Sam Gupta: Ripe Arbitrage Opportunity In Potential Indian Banking Sector Consolidation

Listen: "Sam Gupta: Ripe Arbitrage Opportunity In Potential Indian Banking Sector Consolidation"

In this episode of China Money Podcast, guest Sam Gupta, CEO of Grand Trunk Capital, explains why he is bullish on the Indian economy and markets, why Indian banks will consolidate in the next two years, and the reason why he prefers to work with the management team.

Listen to the full interview in the audio podcast, watch an abbreviated video version, or read an excerpt.

Q: First give us a brief introduction of Grand Trunk Capital?

A: Grand Trunk Capital is a private investment partnership, (managing money) for institutions and family offices. We focus on special investments in India. Previously I managed a fairly large fund in partnership with Soros Management called QIF Management. QIF Management was at points in time the largest overseas investment fund in India.

The strategy (of Grand Trunk Capital) is to focus on five or ten best investment ideas across sectors and geographies within the Indian markets. We are not a trading fund. We tend to take longer term and focused positions in Indian companies where we think there is sufficient mispricing and where we see sufficient upside down the road. Our strategy is very search based, value driven and focused on catalysts.

Q: Can you talk about the performance of the (Grand Trunk Capital) fund?

A: The fund was up 42% in 2012. We had a very bullish view on the banking system in India, and started buying some Indian banks towards the middle of the summer. That worked really well for us. We also took opportunities in the media space because of the catalyst of regulatory changes. One of our largest investments, (United Spirits), was bought out by Diageo, the world’s largest liquor maker, at a significant premium. That’s an investment we got into in early 2012.

Q: Now you are raising more capital for Grand Trunk Capital. What do you think makes India more attractive?

A: What’s interesting about India vis-à-vis Russia, Brazil and China is that India is primarily a domestic market. It has a young population. Most of the economic activities are about feeding and satisfying their needs. So when the world slows down, India is impacted much less than other emerging markets.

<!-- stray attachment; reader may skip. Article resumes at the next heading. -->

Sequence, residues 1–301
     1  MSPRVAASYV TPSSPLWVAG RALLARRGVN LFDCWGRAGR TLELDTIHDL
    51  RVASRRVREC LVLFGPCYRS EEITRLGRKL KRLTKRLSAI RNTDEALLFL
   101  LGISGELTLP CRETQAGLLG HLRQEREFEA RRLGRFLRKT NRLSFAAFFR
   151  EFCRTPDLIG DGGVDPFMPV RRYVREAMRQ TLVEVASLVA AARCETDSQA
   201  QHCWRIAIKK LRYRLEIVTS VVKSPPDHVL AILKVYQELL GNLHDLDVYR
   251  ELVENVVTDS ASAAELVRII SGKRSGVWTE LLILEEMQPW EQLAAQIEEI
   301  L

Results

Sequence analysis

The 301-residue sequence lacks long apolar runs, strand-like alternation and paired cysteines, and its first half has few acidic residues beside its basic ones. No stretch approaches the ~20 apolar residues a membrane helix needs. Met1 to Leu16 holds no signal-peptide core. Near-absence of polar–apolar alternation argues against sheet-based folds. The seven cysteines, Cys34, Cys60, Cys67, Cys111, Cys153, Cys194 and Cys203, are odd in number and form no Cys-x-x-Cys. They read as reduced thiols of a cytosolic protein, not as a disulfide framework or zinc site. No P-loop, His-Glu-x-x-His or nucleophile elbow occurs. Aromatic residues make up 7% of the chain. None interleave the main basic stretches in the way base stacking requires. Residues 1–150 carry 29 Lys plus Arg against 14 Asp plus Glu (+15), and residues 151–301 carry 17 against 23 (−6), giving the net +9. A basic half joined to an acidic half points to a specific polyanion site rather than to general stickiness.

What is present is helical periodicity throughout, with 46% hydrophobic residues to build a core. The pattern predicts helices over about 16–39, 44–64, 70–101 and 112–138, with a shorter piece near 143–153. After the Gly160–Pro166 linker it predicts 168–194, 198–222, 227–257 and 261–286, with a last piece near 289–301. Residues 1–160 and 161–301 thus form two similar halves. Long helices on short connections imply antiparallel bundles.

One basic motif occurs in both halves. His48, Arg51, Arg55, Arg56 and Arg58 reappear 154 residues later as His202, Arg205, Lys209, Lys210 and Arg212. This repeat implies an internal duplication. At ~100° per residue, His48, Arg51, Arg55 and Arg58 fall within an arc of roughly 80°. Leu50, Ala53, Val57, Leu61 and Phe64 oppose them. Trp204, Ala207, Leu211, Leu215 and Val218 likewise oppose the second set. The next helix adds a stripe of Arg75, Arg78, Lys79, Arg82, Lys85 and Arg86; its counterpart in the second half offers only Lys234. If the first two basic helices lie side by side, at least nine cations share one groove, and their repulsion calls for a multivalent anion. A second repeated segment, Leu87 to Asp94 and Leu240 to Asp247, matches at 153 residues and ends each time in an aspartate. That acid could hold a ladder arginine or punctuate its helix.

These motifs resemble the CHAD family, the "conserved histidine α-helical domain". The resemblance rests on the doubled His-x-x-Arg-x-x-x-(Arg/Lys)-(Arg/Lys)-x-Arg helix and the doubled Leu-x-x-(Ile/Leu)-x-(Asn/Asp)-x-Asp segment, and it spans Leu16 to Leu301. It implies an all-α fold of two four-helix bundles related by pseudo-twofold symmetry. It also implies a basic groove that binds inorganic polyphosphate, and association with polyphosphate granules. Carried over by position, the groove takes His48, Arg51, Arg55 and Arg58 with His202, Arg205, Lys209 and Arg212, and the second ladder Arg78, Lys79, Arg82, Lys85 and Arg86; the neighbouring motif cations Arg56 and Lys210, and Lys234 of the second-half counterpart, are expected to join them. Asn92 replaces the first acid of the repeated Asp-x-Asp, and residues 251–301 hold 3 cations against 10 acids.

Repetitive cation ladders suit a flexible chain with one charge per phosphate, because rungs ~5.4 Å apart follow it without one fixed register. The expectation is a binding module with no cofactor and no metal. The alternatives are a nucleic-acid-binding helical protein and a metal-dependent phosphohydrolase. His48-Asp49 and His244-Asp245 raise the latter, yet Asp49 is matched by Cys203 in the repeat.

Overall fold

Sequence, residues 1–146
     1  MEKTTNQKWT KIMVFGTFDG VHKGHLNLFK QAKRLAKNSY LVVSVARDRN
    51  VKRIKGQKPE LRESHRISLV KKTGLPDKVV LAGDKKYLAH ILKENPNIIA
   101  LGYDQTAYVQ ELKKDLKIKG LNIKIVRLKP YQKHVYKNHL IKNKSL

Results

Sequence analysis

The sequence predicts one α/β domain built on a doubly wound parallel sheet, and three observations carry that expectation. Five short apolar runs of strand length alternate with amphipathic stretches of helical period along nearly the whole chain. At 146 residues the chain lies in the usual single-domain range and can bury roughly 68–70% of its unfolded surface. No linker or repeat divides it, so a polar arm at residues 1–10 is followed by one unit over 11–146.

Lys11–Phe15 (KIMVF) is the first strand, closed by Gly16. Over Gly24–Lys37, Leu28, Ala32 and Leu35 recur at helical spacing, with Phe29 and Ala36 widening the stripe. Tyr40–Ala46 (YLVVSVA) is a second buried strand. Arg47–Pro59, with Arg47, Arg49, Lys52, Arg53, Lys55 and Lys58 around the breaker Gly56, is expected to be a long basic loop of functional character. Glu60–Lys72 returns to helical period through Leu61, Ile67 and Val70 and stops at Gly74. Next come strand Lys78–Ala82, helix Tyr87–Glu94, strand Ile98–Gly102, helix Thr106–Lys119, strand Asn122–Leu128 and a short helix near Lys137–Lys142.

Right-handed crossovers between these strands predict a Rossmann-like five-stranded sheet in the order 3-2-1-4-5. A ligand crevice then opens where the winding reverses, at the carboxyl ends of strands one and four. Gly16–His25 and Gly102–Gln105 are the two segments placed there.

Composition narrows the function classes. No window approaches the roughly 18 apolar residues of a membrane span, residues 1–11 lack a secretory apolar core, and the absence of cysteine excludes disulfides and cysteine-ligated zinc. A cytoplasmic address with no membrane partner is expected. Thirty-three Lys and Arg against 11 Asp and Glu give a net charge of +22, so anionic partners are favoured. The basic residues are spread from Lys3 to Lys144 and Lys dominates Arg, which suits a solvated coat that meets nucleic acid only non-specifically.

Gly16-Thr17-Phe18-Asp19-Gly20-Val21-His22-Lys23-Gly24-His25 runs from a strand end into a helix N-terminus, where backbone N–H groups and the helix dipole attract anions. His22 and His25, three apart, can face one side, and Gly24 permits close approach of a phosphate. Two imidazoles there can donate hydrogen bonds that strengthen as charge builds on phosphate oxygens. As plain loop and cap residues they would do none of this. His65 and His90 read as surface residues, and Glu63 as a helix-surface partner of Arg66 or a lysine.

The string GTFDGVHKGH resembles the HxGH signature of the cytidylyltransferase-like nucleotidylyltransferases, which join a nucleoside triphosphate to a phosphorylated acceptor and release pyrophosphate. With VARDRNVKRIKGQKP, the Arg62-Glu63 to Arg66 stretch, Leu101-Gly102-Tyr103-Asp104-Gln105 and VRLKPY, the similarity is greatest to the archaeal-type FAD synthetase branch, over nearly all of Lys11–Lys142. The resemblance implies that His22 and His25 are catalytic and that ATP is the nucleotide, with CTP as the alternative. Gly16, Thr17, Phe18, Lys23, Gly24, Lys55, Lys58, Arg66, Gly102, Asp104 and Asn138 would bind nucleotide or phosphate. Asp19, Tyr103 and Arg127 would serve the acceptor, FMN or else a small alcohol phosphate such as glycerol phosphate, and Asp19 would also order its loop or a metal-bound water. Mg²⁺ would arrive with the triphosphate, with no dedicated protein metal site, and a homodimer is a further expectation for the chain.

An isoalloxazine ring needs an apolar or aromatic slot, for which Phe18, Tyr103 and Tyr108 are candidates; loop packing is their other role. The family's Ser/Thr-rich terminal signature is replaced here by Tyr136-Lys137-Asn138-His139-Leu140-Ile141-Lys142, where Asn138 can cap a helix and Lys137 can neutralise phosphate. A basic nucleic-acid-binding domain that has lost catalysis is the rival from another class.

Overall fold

India also has a very diversified economy. Almost 50% of the Indian economy is services based. So it is a bit of a paradox that the Indian economy is both a more diversified economy and also a more basic economy.

Q: Normally, how big a stake do you take when investing in a stock?

A: We try to take less than 10% of a company, but we’ve taken more than that in some companies in the past.

Q: Are your investments passive, or do you try to influence the management of the company?

A: Once we take a minority position, we try to stand on the same side with the management. In India, management team tends to control half of any given company. So their well-being and wealth is tied up with the price of the stock. The legal system is also stacked in favor of the management, so as an investor, you can only do so much.

But we feel comfortable with most management teams in Indian companies, at least those managers we like. They generally are appreciative if we give them good advice.

Q: You also offer special situation investment opportunities to investors. Tell us more on that?

A: Sometimes we work with management in unlocking the value of their company. It might involve halving off a division, making an investment in a new project. Of course, we invest along with the management, which is probably the best price you can get to invest. So we give co-investment opportunities in these special deals for our core fund investors.

Q: Can you give us an example of a recent special situation opportunity that you have looked at?

A: We launched a fund in late 2012 to take arbitrage opportunities among Indian banks. Some Indian banks are trading at a massive discount to their larger peers. Some of them are good acquisition targets in the next two years. We foresee an industry consolidation among Indian banks. One can never be sure when or how that will happen, but the valuation differentiation right now is so extreme that valuation convergence is inevitable, and consolidation will be a natural outlet for that.

Q: What kind of exit channels are you considering?

A: This is one of the most important questions we consider when we get into an investment. The public markets are often the optimal strategy. Other times, it makes sense to consider an acquirer. The reason why we take only 10% of a company is for liquidity concerns. Getting out of a larger position is very tough in a market where liquidity is at a premium.

Q: What kind of risk control measures do you have in place?

A: We run our portfolios with very little leverage. We understand our position sizes and liquidity of our positions. We also focus on hedging our exposure with options, index futures, single stock futures, etc, which is tough and expensive to do in India.

Sometimes it makes sense to stay in cash. Right now, growth in India is fairly solid, and we expect it to outperform expectations and other markets in 2013. So we are very bullish.

About Sam Gupta:
Sam GuptaSam Gupta is CEO of Grand Trunk Capital Management, a Palo Alto, California-based alternative investment management fund specialized in investing in India. Gupta previously managed QIF Management in partnership with Soros Fund Management, which invested more than US$2.5 billion in India. Gupta was also the founder and portfolio manager of Passport India Fund, a private investment fund specializing in long-term investment in India, and was a managing director at Wasserstein Ventures and a senior associate at Encompass Ventures.

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